Sunday, May 17, 2015

Annabel Langbein: a visit to Rajasthan, the land of kings


Despite being on the edge of a brutal desert, the markets at Jaipur reflect the rich produce local farmers coax from the soil.
It was November when we arrived in Rajasthan and out in the countryside north of Jaipur the cauliflower harvest was in full swing.

Women in vivid red and orange saris wearing colourful chunri headcloths were building giant towers of glorious white cauliflowers, arranging them atop huge squares of brightly coloured fabric, ready to bundle up for the market.

The summers here at the gateway to the Thar Desert are brutal. For months on end the heat scorches to a brittle crumb anything that might attempt to grow, and so the people wait for the autumn to till the ground and plant their crops. Now the air was cooling, the first rains had softened the ground, and a flush of soft green growth blanketed the stark, rubbled landscape.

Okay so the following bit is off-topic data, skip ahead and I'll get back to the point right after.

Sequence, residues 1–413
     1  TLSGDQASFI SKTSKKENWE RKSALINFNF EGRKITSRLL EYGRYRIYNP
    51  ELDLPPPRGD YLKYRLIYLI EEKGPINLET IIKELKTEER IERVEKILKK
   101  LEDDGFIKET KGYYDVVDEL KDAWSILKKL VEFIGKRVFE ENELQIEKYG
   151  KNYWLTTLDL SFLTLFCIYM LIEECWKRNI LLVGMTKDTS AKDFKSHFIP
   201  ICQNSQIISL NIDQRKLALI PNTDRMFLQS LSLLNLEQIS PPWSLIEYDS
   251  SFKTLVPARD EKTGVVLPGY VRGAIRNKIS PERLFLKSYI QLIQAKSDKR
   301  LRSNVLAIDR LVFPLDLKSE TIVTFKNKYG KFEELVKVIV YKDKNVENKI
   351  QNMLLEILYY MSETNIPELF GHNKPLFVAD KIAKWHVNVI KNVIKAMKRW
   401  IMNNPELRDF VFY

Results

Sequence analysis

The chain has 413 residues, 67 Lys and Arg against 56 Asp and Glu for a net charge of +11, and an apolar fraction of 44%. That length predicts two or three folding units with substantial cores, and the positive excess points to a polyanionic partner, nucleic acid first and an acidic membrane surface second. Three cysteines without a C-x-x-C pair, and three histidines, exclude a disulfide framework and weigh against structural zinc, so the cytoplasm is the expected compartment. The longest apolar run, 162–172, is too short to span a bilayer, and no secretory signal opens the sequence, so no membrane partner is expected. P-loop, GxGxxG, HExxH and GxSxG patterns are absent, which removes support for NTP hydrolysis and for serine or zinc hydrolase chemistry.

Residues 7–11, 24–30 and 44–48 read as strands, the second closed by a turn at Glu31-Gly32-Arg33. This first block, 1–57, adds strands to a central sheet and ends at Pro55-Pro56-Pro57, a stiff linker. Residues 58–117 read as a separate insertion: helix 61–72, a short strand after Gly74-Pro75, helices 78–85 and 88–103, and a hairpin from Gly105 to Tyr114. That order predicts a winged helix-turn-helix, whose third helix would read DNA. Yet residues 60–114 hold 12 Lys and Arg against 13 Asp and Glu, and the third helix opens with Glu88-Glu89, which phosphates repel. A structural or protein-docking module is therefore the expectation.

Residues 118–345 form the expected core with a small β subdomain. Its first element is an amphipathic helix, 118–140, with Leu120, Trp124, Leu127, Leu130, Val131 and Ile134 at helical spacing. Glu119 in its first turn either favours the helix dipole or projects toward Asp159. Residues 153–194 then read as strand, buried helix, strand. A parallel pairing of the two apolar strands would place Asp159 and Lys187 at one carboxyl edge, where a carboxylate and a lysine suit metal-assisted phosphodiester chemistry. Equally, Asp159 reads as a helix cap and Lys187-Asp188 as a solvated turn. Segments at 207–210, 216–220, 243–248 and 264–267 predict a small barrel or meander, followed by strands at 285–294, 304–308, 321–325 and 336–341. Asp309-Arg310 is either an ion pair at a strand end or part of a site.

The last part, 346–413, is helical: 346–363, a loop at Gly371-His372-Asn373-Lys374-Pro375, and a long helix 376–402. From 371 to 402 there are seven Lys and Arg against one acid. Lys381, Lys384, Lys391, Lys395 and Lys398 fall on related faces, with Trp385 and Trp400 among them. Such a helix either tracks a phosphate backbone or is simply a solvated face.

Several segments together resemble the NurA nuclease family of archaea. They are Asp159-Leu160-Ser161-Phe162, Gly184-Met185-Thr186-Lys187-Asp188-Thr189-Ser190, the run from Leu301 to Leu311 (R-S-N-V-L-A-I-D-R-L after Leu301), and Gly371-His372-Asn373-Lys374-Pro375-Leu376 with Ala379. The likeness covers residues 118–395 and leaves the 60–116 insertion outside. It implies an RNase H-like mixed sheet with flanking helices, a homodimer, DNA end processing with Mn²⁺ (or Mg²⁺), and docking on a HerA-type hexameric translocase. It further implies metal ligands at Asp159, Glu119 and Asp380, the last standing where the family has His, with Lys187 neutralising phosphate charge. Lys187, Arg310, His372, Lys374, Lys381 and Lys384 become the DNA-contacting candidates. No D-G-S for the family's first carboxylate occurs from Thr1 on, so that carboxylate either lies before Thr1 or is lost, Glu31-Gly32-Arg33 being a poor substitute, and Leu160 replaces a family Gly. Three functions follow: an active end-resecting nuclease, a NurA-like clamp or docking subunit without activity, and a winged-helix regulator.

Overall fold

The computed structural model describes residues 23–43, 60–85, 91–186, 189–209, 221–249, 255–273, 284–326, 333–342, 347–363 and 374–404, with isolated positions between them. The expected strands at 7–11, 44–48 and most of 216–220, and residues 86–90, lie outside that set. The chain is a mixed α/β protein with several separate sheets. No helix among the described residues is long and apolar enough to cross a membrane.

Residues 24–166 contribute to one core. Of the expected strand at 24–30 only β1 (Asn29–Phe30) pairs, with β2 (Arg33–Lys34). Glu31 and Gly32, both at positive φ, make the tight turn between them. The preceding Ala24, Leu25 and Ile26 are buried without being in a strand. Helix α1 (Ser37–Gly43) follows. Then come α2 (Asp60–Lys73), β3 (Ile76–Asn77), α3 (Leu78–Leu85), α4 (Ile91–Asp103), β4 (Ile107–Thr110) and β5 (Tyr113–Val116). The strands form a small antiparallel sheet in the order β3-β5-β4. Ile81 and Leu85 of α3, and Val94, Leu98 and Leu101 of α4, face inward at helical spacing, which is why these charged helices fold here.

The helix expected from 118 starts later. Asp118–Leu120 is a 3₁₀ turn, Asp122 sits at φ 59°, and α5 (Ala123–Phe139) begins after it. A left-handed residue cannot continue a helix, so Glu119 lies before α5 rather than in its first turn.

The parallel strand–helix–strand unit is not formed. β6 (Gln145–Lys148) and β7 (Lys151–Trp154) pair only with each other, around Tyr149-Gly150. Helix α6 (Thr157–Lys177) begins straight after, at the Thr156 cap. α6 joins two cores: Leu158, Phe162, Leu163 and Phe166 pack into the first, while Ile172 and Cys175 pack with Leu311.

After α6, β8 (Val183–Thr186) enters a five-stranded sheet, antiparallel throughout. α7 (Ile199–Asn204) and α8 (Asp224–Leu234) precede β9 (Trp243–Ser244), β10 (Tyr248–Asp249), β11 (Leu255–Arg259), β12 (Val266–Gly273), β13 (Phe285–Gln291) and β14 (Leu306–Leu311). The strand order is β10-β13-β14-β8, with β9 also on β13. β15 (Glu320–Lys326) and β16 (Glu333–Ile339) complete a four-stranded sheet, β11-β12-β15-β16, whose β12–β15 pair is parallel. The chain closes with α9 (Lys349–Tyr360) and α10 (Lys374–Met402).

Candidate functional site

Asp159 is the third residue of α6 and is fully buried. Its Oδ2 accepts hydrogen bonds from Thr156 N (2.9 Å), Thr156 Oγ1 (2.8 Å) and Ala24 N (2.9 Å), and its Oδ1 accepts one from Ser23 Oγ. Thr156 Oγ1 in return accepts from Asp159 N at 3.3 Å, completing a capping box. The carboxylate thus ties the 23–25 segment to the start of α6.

The name of India's largest state translates as "the land of kings". Here lies the seat of the Rajput warriors as well as the princely maharajas and their opulent palaces. I had come to Rajasthan on a 12-day adventure with my two nearly adult children, to discover some of the cooking culture of this desert state, from the lavish dishes of its palaces and havelis to the more humble, but no less extraordinary, fare of the farm cooks. 

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